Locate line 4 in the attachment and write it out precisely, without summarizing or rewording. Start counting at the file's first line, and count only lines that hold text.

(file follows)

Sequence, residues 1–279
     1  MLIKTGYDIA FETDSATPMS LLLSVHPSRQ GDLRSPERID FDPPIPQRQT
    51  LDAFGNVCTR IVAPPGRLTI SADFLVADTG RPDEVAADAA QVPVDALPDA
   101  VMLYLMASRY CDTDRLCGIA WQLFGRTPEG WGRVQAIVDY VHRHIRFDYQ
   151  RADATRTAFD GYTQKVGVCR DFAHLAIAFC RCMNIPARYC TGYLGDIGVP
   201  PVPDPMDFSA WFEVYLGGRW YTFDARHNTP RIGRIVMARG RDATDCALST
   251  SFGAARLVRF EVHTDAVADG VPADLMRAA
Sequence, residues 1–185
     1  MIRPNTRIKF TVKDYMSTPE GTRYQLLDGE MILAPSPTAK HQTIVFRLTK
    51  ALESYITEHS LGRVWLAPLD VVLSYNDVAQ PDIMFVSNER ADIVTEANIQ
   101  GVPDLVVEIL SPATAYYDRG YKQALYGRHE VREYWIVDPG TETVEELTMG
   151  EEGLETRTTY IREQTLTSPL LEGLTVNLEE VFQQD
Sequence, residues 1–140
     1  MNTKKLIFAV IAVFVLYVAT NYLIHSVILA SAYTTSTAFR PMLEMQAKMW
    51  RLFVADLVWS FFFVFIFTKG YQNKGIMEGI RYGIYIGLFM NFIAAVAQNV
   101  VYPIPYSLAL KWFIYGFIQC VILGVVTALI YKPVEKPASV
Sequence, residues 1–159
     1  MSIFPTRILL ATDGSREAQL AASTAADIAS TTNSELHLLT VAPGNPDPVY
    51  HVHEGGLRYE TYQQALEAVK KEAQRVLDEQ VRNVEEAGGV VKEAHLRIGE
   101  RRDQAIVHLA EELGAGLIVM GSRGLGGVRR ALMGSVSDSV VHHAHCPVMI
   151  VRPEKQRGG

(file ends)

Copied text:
   101  VMLYLMASRY CDTDRLCGIA WQLFGRTPEG WGRVQAIVDY VHRHIRFDYQ